What drives you – loyalty schemes or new customer discounts?
What drives you - loyalty schemes or new customer discounts?
As marketers, we understand that one in the hand is worth two in the bush. But as an industry, we are guilty of focussing on acquisition more than retention.
Yes, there have been retailers who have bucked the trend, such as ASOS, Boots, Tesco & the collective NECTAR group, where points mean prizes – along with the pay-off of giving these companies every piece of information about you, from preferred toothpaste flavour, to shoe size. And many other brands provide the cursory annual birthday discount, as a way of saying thank you for your loyalty, without any personalisation or insight into behaviours.
But there are many unused loyalty cards weighing down our wallets and purses, which have been sold to us at counters up and down the country, signalling, first to know sales, promotions and exclusive benefits for members, aren’t always working the way they should.
Marketing Week* was given exclusive access to a report by consultancy firm Rare; there were two major questions affecting brands’ loyalty programmes today; likeability and trust.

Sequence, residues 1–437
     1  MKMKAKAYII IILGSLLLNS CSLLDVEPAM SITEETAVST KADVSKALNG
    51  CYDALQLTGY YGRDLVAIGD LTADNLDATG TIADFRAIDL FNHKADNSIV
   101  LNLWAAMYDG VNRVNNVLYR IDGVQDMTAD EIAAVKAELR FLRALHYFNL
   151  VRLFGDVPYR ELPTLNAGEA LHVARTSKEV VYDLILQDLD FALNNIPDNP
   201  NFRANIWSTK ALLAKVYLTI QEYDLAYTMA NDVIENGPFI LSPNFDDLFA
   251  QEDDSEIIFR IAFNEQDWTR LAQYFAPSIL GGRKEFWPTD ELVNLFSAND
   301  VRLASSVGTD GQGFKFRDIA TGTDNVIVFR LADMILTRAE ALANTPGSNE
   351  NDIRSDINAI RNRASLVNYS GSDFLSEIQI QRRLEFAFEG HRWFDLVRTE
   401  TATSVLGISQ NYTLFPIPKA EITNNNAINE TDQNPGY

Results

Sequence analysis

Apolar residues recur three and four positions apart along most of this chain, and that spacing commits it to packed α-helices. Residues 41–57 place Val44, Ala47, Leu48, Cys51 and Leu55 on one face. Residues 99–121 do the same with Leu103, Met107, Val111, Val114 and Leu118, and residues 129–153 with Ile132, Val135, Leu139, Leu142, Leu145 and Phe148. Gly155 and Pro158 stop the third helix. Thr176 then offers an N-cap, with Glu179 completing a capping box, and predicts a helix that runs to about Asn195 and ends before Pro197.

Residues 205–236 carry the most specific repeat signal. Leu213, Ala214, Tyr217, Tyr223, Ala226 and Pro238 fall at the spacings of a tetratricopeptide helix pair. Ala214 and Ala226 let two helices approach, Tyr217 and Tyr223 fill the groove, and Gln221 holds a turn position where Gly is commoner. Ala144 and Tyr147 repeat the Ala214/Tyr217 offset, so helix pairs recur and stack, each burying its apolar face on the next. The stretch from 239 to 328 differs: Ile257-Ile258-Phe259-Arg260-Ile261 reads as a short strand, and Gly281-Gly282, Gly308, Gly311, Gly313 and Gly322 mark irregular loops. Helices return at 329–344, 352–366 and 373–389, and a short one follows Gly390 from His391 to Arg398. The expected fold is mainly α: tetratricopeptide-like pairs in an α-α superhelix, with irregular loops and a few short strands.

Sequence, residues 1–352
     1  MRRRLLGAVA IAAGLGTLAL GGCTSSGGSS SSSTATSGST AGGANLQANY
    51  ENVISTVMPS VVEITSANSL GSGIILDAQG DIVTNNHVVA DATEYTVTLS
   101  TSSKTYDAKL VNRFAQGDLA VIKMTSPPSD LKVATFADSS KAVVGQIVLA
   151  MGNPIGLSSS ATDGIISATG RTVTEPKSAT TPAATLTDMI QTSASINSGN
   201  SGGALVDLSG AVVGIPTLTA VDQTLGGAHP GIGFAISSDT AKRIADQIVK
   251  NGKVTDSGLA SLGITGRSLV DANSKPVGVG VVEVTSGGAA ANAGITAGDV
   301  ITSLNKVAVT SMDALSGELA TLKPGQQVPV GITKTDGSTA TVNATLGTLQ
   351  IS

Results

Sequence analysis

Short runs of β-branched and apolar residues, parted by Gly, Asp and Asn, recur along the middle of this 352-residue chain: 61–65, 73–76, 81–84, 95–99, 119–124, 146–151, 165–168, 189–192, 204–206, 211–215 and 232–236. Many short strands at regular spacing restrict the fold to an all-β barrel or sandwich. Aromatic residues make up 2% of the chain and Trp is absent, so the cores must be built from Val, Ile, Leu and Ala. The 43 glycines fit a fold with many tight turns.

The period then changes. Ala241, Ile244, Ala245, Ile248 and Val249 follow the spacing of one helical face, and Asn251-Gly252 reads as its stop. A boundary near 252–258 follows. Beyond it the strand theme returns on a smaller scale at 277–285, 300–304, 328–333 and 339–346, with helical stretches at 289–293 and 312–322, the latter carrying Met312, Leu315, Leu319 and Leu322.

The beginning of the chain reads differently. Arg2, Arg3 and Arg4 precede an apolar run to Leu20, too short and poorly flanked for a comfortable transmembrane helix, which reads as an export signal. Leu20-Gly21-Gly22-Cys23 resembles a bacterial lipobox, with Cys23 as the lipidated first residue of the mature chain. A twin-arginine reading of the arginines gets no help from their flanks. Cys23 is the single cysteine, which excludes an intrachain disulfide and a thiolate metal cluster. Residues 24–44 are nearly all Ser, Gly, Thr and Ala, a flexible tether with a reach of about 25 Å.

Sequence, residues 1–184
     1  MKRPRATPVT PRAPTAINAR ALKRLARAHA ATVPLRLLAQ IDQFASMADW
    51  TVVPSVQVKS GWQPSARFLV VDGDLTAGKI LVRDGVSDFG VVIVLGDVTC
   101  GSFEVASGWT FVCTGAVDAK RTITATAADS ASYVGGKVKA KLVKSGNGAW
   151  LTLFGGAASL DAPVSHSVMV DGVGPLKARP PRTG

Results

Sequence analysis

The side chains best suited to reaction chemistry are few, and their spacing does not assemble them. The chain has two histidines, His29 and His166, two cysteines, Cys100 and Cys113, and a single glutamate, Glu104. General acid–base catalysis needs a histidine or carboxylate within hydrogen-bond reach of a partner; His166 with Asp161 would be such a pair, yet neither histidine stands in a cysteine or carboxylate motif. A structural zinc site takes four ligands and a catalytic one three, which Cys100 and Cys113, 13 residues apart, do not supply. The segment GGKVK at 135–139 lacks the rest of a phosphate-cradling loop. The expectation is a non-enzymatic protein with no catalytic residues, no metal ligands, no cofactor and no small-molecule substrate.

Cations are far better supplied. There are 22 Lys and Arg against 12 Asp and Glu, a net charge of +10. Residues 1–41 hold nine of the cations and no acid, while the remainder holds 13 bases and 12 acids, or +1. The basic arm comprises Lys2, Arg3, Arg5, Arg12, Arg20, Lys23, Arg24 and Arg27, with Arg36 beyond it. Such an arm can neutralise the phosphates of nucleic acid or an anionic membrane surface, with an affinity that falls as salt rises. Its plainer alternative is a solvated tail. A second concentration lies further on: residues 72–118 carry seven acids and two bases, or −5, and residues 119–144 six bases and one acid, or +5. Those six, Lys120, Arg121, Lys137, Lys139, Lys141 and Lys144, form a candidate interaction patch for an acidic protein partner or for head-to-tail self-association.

The research also shows that many of the high street’s loyalty schemes are under-performing across four key metrics including ease of use, purchase experience, delivery on promise and personalisation.
And many brands are failing to adjust to the needs of the consumer or are failing to invest in CRM systems to utilise the data available which would allow tailored benefits, whether loyal or lapsed.
Starbucks is pushing the envelope with its MyStarbucks Rewards, which has moved beyond discounts and instead is focussing on experience and convenience. And then there’s Amazon Prime, who’s subscription loyalty scheme is leading the way for new approaches.
As a consumer, I’ve experienced the frustrations of new customers only deals, and as a way of enjoying small victories, currently have 7 different email addresses via gmail and yahoo, just so I can enjoy free delivery from Ocado or introductory beauty sets.
But, there must be a happy medium, where brands understand what their customers want and need from them, to drive sales, whilst attracting new customers with shiny new deals.